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Crate & Carton Weights - A Common Sense Based Opinion

6 August 2018

Crate & Carton Weights - A Common Sense Based Opinion

In order for fruit and vegetables to reach New Zealand shoppers in an acceptable quality and food safety related condition, a number of things need to occur. This opinion piece does not cover the entire spectrum, but solely concerns itself with the crates produce is packed into within the domestic supply chain, and the way these are delivered into retail distribution centres.

In years gone by regulators such as Government entities or State-Owned Enterprises acting on behalf of the Government took a prescriptive approach, and specified maximum weights allowed for shipping units such as crates. More recently, these regulators have taken the approach that accountability for workplace related Health & Safety is something expected from every business in a supply chain, and that every business therefore needs to go through a process of establishing what works best within its own environment. This is the reason why the ‘Keep Safe, Keep Growing” Guide published by Horticulture New Zealand, WorkSafe and ACC in 2017 makes no mention of absolute or maximum weight requirements/restrictions, but instead provides its readers with a series of questions, which lead business owners and managers to reach ‘fit-for-purpose’ benchmarks for their own sites through answering the questions posed.

As businesses work through these questions, they will also need to consider what businesses further up the supply chain need to do with the produce they receive, and these upstream businesses will clearly need to form a view about the packaging they receive from their suppliers. Common Sense therefore suggests that the involved parties communicate to attempt to find a common ground.

When discussing customer-supplier relationships, the phrase “the customer is always right” sooner or later arises. On the odd occasion ‘the customer’ can be convinced to change his or her view on the basis of a plausible argument. Common Sense suggests that growers, packing solution providers, and wholesalers will need to come to terms with the fact that retailer requirements are difficult to ignore.

Our modern society is undergoing massive change. The way cities will feed themselves in the future is being challenged today, to the extent that it is already possible to buy off-the-shelf ‘Urban Crop Solutions Plant Factories’, tailor made to achieve vertical farming solutions. At the same time, the Health & Safety requirements in the workplace are becoming more stringent, because New Zealand’s rate of workplace accidents and deaths is higher than it needs to be.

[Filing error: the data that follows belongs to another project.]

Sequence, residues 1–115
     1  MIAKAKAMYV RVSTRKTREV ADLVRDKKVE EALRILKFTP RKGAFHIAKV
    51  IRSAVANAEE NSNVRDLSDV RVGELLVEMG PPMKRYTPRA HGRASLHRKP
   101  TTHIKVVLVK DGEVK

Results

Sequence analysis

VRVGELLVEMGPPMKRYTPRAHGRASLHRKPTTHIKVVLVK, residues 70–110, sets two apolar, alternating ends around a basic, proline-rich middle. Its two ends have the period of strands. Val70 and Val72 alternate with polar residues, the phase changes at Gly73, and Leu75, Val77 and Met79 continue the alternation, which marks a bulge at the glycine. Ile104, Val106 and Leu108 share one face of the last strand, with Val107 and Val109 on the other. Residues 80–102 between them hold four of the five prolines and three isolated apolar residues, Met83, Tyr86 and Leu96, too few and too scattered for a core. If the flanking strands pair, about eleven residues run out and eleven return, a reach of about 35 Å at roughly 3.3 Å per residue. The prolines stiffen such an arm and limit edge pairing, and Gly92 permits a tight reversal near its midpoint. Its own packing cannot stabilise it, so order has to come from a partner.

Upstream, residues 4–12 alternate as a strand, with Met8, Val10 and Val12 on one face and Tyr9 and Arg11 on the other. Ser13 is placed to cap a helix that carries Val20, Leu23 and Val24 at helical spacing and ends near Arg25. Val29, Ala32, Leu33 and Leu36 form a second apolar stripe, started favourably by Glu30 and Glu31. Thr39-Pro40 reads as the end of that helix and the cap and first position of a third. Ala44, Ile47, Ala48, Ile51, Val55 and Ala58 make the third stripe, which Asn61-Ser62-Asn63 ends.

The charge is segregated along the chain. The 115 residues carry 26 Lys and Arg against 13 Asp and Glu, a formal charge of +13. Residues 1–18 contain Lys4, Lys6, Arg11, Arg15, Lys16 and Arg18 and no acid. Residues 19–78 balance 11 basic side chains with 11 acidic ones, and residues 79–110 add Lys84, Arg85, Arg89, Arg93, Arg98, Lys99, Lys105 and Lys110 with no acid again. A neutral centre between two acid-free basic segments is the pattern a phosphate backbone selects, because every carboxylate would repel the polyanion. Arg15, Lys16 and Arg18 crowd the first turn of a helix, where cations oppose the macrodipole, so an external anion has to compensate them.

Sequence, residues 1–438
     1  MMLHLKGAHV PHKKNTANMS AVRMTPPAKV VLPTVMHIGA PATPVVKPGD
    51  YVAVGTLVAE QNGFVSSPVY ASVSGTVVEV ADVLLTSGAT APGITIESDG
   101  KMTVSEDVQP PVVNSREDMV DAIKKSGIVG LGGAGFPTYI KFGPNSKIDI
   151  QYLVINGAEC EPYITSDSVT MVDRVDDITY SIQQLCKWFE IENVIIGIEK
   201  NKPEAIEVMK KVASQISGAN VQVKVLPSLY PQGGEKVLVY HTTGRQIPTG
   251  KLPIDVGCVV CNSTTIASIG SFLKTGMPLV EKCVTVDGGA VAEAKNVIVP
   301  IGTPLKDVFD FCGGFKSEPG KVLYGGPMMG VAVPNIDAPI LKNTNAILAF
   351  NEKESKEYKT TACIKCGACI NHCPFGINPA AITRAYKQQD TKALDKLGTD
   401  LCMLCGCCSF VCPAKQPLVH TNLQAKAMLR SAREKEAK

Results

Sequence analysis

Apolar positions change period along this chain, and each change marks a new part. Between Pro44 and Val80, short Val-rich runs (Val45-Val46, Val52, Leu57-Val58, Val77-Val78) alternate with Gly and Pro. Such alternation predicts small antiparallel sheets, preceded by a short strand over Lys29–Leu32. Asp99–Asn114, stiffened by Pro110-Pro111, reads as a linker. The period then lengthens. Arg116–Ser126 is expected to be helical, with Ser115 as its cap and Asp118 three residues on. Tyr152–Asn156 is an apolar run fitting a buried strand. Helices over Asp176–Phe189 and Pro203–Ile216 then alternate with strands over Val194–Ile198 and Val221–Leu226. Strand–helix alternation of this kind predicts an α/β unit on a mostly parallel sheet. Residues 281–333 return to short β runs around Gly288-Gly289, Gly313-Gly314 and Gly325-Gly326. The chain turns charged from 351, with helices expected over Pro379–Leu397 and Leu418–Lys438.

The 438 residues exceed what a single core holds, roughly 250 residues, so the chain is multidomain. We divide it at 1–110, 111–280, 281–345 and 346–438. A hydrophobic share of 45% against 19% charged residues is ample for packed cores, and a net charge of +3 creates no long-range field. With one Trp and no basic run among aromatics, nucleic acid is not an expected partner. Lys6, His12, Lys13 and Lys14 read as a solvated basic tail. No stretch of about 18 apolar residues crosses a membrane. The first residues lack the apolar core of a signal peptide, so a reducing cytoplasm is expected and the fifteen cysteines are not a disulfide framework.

Safe Lifting and Carrying within the workplace environment is receiving considerable attention from WorkSafe New Zealand. Lifting excessively heavy crates or cartons is considered to be a health hazard. In the absence of a declared maximum limit, Common Sense would suggest expecting workers to regularly lift crates or cartons that weigh more than 20 kg should not be expected, and actually represents a risk to the businesses that continue this practice.

For every action, there is a reaction. Changing how a product is packed and transported has consequences. These may relate to packaging costs, freight costs, and handling costs. Consequences need to be understood, costed, and brought into the price/value equation that forms the basis for meaningful negotiations between vendor and buyer. That is also Common Sense.

Beyond this position, there are three other related issues that are facing all producers in relation to packaging. These are:

  • There is a need to ensure as much plant waste as possible stays on the land, instead of trucking it into town.
  • New supply channels to the consumer continue to emerge. Rethinking packaging solutions is therefore becoming the norm, rather than being the exception.
  • Current packaging practices for all products are being challenged as mankind tries to come to terms with sustainability and the survival of the planet.

Common Sense therefore suggests that the produce crates and cartons leaving the farm will continue to change in shape, size and weight, whilst the number of packaging units needed to shift the volumes grown will increase in frequency.